In an effort to reduce the amount of organic waste produced by the various branches at CEI that utilize the wet-lab facility, a Caribbean Spiny lobster (Panulirus argus) ranching project was initiated in mid-December 2012.
Mature wild-caught lobster were housed in one of the vacant holding tanks in the wet-lab and fed off-cuts, old dissection specimens and any other organic material that would have previously been discarded. Due to a lack of published information on ideal stocking densities and holding conditions, another objective of this study is to determine the optimal levels of the above mentioned parameters. A number of capture methods were tested. These include baited cages, pole-snares and by hand. The latter two methods have thus far been the most effective.While the primary focus of this project is waste management, a secondary focus is an attempt to capture Spiny lobster pueruli, pre-settlement. Pueruli refers to a life stage in the lobster between larvae and juvenile. These pueruli are then transported back to the lab, where they are also fed organic waste produced by the lab, chopped into a finer form than that which is given to the mature specimens.
The reason for targeting pueruli is that they naturally occur in relative abundance compared to their mature adult counterparts. Their survival rates in the wild from pre-settlement to maturity are also quite low, due to predation. Captive rearing eliminates this impact. An additional reason for targeting pueruli is that the early life stages of juveniles (prior to reaching the puerulus phase) are numerous and difficult to care for in captivity. They require a varied diet of live feeds and are very susceptible to fluctuations in environmental parameters (pH, salinity, ammonia concentrations, etc.)
This method of cultivation is highly successful in SE Asia, using the lobster species Panulirus ornatus and P. homarus. This success is due to the fact that there is an abundance of pre-settlement pueruli present in certain parts of Indonesia and Vietnam that are easily captured. This method, however, hasn’t been very successful in other parts of the world, namely Australia. For this reason, focus there has been placed on hatchery technology. This wouldn’t be very feasible at CEI due to equipment, power and space requirements.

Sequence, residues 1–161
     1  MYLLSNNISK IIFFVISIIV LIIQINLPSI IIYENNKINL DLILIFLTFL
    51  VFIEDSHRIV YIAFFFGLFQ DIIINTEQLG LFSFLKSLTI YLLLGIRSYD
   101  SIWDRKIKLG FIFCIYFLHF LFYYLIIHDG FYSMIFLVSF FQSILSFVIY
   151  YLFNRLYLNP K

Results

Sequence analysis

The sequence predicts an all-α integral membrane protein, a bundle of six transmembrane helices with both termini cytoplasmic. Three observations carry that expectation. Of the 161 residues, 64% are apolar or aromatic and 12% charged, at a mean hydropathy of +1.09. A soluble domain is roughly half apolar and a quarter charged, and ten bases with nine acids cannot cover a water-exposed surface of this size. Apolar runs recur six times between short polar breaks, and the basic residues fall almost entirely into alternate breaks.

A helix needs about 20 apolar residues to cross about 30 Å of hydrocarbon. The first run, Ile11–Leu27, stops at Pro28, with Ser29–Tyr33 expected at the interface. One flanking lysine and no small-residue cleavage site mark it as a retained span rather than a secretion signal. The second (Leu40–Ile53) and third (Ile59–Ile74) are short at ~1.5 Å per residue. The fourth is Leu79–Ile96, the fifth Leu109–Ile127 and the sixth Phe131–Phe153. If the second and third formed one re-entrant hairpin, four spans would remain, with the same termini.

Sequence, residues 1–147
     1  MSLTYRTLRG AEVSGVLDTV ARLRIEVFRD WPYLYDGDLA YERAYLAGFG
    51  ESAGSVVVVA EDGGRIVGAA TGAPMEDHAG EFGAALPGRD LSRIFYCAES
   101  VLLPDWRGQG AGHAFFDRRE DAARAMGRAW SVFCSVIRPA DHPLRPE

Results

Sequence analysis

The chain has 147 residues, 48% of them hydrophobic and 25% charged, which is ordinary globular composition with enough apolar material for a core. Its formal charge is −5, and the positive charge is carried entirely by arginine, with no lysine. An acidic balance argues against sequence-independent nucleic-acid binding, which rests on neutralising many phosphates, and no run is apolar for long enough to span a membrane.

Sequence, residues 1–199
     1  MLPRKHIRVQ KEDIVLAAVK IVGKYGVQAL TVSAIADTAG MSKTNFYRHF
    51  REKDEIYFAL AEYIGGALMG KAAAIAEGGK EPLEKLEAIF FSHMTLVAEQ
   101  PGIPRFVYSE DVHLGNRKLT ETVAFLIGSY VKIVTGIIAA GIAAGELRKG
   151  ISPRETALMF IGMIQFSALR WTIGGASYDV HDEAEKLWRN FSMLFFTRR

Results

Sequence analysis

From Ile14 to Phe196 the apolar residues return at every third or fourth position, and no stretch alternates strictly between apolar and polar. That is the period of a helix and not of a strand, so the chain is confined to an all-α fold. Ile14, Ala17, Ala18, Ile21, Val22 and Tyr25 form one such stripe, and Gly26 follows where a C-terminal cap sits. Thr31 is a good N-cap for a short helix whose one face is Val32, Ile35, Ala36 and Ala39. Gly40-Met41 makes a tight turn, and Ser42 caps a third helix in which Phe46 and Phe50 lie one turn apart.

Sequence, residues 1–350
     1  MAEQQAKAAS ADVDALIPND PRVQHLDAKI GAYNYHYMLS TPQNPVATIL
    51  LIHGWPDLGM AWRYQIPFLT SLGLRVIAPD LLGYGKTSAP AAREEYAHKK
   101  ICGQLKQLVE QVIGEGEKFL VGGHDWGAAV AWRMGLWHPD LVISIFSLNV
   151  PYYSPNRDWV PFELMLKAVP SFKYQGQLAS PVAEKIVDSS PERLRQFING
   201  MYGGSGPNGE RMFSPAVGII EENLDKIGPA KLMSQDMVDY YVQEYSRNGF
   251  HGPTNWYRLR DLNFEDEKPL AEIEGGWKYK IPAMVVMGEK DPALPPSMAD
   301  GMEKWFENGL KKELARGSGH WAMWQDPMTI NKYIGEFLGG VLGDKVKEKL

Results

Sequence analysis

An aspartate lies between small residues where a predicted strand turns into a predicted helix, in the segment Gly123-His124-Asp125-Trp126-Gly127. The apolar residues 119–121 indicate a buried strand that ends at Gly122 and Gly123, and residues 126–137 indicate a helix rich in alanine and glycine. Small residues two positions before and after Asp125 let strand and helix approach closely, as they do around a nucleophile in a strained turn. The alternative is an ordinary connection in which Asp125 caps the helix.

The method for capturing these pueruli employs the use of settlement traps. In essence these are submerged frames draped in strips of fabric/netting, placed in strategic positions in the wild that mimic the seaweed/grass found naturally in the area. This attracts pueruli to it, as they seek shelter from predation by hiding amongst the strands. These traps are checked regularly, and any specimens found on the traps are captured by means of a hand net. Opinions are varied regarding the best time to check the traps, but moon phase seems to play a roll. New moon seems to be a favoured option.
Lobsters are the reef’s janitors, and we hope to they can perform the same function here at CEI. And, hopefully in the not too distant future, provide us with some tasty lobster tails.
by Thomas Keet (photography credit – Tyler Sanford)by